The accessory portions of the royal costume were chiefly belts, necklaces, armlets, bracelets, and earrings. Besides the belt round the waist, in which two or three highly ornamented daggers were frequently thrust, and the broad fringed cross-belt, of which mention was made above, the Assyrian monarch wore a narrow cross-belt passing across his right shoulder, from which his sword hung at his left side. This belt was sometimes patterned with rosettes. It was worn over the front flap of the chasuble, but under the back flap, and was crossed at right angles by the broad fringed belt, which was passed over the right arm and head so as to fall across the left shoulder.
The royal necklaces were of two kinds. Some consisted merely of one or more strings of long lozenge-shaped beads slightly chased, and connected by small links, ribbed perpendicularly. [PLATE CXIII., Fig. 7.] The other kind was a band or collar, perhaps of gold, on which were hung a number of sacred emblems: as the crescent or emblem of the Moon-God, Sin; the four-rayed disk, the emblem of the Sun-God, Shamas; the six-rayed or eight-rayed disk, the emblem of Gula, the Sun-Goddess; the horned cap, perhaps the emblem of the king's guardian genius; and the double or triple bolt, which was the emblem of Vul, the god of the atmosphere. This sacred collar was a part of the king's civil and not merely of his sacerdotal dress; as appears from the fact that it was sometimes worn when the king was merely receiving prisoners. [PLATE CXIII., Fig. 8.]
The monarch wore a variety of armlets. The most common was a plain bar of a single twist, the ends of which slightly overlapped each other. A more elegant kind was similar to this, except that the bar terminated in animal heads carefully wrought, among which the heads of rams, horses, and ducks were the most common. A third sort has the appearance of being composed of a number of long strings or wires, confined at intervals of less than an inch by cross bands at right angles to the wires. This sort was carried round the arm twice, and even then its ends overlapped considerably. It is probable that all the armlets were of metal, and that the appearance of the last was given to it by the workman in imitation of an earlier and ruder armlet of worsted or leather. [PLATE CXIV., Fig. 1. ]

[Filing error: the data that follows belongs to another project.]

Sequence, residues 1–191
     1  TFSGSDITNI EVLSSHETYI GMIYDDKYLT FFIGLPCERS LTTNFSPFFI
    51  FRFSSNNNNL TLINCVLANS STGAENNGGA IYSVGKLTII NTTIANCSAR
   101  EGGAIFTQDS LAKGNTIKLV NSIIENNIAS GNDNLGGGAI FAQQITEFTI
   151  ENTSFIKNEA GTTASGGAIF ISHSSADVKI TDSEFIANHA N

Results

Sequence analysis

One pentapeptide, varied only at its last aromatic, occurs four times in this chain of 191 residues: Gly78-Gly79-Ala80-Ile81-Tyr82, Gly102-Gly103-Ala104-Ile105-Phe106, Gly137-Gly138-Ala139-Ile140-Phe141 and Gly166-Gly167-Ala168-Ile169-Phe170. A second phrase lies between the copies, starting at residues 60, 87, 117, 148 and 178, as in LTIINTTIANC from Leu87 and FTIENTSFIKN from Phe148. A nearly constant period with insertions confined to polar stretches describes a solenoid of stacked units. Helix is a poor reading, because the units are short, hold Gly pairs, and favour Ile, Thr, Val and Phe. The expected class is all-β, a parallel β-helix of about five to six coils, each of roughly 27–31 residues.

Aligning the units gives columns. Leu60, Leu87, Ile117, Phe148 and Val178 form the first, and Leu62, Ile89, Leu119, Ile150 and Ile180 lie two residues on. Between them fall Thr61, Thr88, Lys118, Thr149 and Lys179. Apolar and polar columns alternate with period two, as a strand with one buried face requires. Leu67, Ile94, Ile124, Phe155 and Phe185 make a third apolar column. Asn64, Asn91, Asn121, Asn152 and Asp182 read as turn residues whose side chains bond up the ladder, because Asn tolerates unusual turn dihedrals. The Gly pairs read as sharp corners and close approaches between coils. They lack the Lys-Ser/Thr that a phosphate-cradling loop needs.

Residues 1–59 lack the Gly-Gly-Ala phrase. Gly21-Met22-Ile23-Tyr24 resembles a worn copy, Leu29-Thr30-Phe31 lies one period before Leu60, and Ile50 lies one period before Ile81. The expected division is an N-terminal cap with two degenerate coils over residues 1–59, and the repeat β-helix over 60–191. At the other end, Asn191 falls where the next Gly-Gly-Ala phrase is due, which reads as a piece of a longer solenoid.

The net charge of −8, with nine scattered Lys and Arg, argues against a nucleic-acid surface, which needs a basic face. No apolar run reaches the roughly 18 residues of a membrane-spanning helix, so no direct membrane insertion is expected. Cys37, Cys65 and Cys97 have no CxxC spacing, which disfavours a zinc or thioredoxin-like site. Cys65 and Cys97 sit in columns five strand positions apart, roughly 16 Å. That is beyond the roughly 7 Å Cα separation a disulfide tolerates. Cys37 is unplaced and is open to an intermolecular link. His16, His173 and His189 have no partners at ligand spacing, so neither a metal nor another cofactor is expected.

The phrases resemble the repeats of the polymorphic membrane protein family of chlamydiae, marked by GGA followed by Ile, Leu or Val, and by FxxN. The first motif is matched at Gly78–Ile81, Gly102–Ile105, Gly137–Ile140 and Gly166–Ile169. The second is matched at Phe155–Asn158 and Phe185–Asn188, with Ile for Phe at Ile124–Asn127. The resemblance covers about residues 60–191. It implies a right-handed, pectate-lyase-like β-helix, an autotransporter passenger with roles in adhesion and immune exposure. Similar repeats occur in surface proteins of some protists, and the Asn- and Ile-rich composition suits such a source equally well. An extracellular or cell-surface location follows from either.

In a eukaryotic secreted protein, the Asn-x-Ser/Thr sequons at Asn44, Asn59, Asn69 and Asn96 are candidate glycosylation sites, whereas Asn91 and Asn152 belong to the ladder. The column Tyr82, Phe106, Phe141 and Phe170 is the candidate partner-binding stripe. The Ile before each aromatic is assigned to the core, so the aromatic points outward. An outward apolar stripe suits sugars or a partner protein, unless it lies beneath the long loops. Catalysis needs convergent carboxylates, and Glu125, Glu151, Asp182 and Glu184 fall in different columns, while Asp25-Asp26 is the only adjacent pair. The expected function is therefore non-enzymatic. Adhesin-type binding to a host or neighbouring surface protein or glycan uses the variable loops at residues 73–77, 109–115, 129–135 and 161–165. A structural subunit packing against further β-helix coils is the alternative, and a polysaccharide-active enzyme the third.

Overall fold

The bracelets of the king, like his armlets, were sometimes mere bars of metal, quite plain and without ornament. More often, however, they were ribbed and adorned with a large rosette at the centre. Sometimes, instead of one simple rosette, we see three double rosettes, between which project small points, shaped like the head of a spear. Occasionally these double rosettes appear to be set on the surface of a broad bar, which is chased so as to represent brickwork. In no case can we see how the bracelets were fastened; perhaps they were elastic, and were slipped over the hand. [PLATE CXIV., Fig. 3.]
Specimens of royal earrings have been already given in an earlier chapter of this volume. The most ordinary form in the more ancient times was a long drop, which was sometimes delicately chased Another common kind was an incomplete Maltese cross, one arm of the four being left out because it would have interfered with the ear. [PLATE CXIV., Fig. 2.] In later times there was a good deal of variety in the details; but the drop and the cross were always favorite features.